What they did not consider was that going about validating compliance should be an oversight mechanism with appropriate checks and balances. They instead created a cottage industry of very competitive assessor company’s, who have in their best interest, the customer’s compliance status. Regardless of the SSC’s AQM efforts, the truth is, that as long as the customer is footing the bill, and can control who assesses them, the customer is ultimately dictating their own compliance status regardless of the effectiveness of their controls.

    The SSC and the card brands must take the following steps in order to make a difference.

    1. PCI QSAC’s must be audited (not assessed) annually, in great detail, for all of their processes, procedures and training. The 2 day training class and associated documents are not enough to validate that all of the required activities are taking place.

    2. Those in scope for PCI assessment must not be allowed to select their own assessors, and ideally, the QSAC should be changed from year to year. Or, the SSC manages all of the QSAs and they fund all activity through a tax to the card brands which they pass along.

    3. You must get out of the one size fits all business. Clearly big box merchants carry significantly more risk than smaller merchants. I am not stating that the bar be lowered for anyone, I am saying that in certain circumstances, it must be raised. Bigger targets (no pun intended) need bigger protection independently validate by someone who has no interest in the outcome.

    • Some good comments and I would agree with your thoughts. However I think the biggest issue would be the implementation of such a system. As a QSA (and someone who worked with Mr Froud), I know how long we both (and still do) spent explaining to clients about the limitations of PCI compliance. Given that we still have very large multinational clients, who after 3 or 4 years of trying are still not PCI compliant, it does really make me wonder about the inherent state of their wider IT security program. I too would have liked to have seen the Council introduce mandatory time limits for any one QSA being the assessor for a client, but client’s love their QSA’s because they know their environment. It is an ongoing struggle…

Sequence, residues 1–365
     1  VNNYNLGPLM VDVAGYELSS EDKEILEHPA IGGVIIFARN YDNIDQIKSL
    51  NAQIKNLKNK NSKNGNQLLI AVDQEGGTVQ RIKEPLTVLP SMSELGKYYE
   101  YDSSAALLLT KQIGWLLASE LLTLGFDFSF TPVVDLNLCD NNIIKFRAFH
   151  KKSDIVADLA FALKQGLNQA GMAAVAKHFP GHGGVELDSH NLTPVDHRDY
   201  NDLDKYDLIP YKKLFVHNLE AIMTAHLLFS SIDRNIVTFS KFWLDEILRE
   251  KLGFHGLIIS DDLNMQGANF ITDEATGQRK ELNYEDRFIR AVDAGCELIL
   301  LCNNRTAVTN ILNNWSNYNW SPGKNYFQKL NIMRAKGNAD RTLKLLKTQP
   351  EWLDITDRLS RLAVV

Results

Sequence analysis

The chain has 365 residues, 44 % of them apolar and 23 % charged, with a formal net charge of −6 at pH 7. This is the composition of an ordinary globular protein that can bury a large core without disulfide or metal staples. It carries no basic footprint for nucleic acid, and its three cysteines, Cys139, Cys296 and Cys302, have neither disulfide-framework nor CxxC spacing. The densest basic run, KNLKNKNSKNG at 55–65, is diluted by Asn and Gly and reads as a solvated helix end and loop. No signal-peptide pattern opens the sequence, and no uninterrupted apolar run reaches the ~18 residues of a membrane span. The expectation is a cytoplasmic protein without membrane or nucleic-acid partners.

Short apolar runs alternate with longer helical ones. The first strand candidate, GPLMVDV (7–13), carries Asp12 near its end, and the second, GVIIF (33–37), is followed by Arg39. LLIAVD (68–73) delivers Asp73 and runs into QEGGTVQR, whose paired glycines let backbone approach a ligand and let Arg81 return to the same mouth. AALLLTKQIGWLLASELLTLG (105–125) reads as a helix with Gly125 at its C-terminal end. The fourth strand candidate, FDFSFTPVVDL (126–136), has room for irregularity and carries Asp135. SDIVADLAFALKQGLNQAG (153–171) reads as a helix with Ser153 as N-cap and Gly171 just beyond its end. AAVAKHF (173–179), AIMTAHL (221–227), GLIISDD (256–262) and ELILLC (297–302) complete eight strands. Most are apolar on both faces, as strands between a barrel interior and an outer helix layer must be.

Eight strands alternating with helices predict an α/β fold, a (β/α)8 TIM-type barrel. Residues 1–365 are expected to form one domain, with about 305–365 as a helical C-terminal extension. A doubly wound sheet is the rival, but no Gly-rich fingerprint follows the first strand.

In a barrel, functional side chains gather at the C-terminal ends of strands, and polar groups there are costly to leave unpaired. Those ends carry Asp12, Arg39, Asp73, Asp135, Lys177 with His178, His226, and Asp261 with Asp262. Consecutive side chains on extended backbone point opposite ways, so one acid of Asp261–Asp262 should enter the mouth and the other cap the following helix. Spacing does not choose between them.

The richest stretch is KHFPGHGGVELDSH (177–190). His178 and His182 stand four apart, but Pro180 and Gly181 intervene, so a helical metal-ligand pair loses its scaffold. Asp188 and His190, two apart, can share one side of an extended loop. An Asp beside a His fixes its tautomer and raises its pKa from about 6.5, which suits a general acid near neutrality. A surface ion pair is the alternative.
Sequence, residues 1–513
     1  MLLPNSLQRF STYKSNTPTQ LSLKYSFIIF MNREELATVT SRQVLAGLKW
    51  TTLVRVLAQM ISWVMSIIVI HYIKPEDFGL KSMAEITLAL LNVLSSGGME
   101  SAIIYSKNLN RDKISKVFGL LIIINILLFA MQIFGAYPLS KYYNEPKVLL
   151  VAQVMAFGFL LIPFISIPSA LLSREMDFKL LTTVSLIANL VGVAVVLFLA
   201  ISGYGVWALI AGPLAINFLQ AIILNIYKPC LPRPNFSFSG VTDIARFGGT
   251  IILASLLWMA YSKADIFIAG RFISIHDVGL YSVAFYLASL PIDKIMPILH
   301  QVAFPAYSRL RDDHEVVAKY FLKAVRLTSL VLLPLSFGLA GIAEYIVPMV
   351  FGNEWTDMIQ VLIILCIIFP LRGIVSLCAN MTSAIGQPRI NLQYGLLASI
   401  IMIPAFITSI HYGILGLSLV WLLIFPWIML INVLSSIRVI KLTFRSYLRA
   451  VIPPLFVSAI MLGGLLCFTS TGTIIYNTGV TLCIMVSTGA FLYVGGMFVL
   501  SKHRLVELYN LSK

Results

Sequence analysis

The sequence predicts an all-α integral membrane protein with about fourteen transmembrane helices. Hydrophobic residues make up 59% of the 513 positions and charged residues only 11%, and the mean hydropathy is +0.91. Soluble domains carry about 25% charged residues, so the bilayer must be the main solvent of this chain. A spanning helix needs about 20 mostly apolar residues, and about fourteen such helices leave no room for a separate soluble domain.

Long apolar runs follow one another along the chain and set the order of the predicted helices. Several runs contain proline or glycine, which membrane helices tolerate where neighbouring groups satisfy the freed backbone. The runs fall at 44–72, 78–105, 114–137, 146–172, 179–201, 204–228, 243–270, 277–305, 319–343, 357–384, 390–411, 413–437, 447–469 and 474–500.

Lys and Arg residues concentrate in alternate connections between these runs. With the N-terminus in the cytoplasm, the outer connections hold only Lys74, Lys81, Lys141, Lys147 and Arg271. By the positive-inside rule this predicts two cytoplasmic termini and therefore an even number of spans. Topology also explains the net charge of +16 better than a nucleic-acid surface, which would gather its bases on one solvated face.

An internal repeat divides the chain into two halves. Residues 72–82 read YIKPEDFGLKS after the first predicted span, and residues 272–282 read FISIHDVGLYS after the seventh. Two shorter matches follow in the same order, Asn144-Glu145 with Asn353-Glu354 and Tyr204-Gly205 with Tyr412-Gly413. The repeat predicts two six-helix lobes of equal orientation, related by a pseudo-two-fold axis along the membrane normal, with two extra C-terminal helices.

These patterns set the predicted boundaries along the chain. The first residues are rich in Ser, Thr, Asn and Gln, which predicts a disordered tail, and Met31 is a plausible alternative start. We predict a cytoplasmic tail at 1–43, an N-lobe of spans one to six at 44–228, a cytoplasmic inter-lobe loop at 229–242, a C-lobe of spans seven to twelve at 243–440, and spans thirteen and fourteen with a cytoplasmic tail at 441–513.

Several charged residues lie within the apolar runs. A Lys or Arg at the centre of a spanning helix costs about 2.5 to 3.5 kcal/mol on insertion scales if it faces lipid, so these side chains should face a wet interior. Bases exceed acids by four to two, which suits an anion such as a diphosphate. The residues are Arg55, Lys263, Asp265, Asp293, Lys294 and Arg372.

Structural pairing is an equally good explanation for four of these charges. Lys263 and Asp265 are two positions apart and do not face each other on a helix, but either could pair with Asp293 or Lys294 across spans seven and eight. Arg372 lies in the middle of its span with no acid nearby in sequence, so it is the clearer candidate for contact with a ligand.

• Many thanks Chris, but I feel that if a QSA was doing their job properly, they would be making themselves replaceable (teachers, not auditors). Clients hate changing QSAs because too much of the relevant knowledge goes with them, and the client usually has to start from scratch with the new one. If the assessment process was performed correctly, any QSA can provide almost seamless continuity. In this case, it’s the assessment process more than the standard itself which is to blame.

      • Sometimes you can try to be the teacher, but I would say 8/10 companies don’t care about security.

        All they want is that tick in the compliance checkbox, anything beyond that is uninteresting and unnecessary, thereby ignoring the teacher.

        Which brings us back to the core of the problem.

      • @JH: You’re assuming a uniform quality of QSAs. In my experience a large portion of QSAs are not equipped to perform a PCI assessment, let alone discuss real security. The fault lies more with the quality of the SSC’s training, and the lack of validation guidance for the DSS itself, than it does with organisations not caring.

  2. I also don’t like that ISA can now assess the environment and write ROC. I am An ISA and I don’t think that 2 days of class and very simple exam makes me security pro. ISA is good to have to lieason between QSA and the internal IT group. Not that any of this is related to target, but just another risk that I see.

  3. Good post David, being a QSA myself and having large clients, it will always put you in a position were you can push back, but only so far. Large clients are well aware of the ‘I’ll pull the switch-QSA card’ whenever things get rough, which leaves you with a choice of fighting your client or your boss. There are many QSA’s out there that plainly don’t care or even understand compliance, let alone security, and yet they sign the report in the end feeling good about themselves for making the client happy.

    Is Target happy now?

    Security is about preventing incidents and data loss, the benefit is not clear until something happens. Will Target’s CEO or CFO feel good about themselves with the security budget they sat for 2013? No, they won’t, but will they take the blame? Most likely not…

    I bet the budget for Target’s 2014 security budget will skyrocket though.

    I doubt the QSA intentionally or blatantly left something out of the report or the assessment of Target, compliance is a baseline, and as long as it remains a baseline and allows for compensating controls even for large companies, there will always be holes and gaps.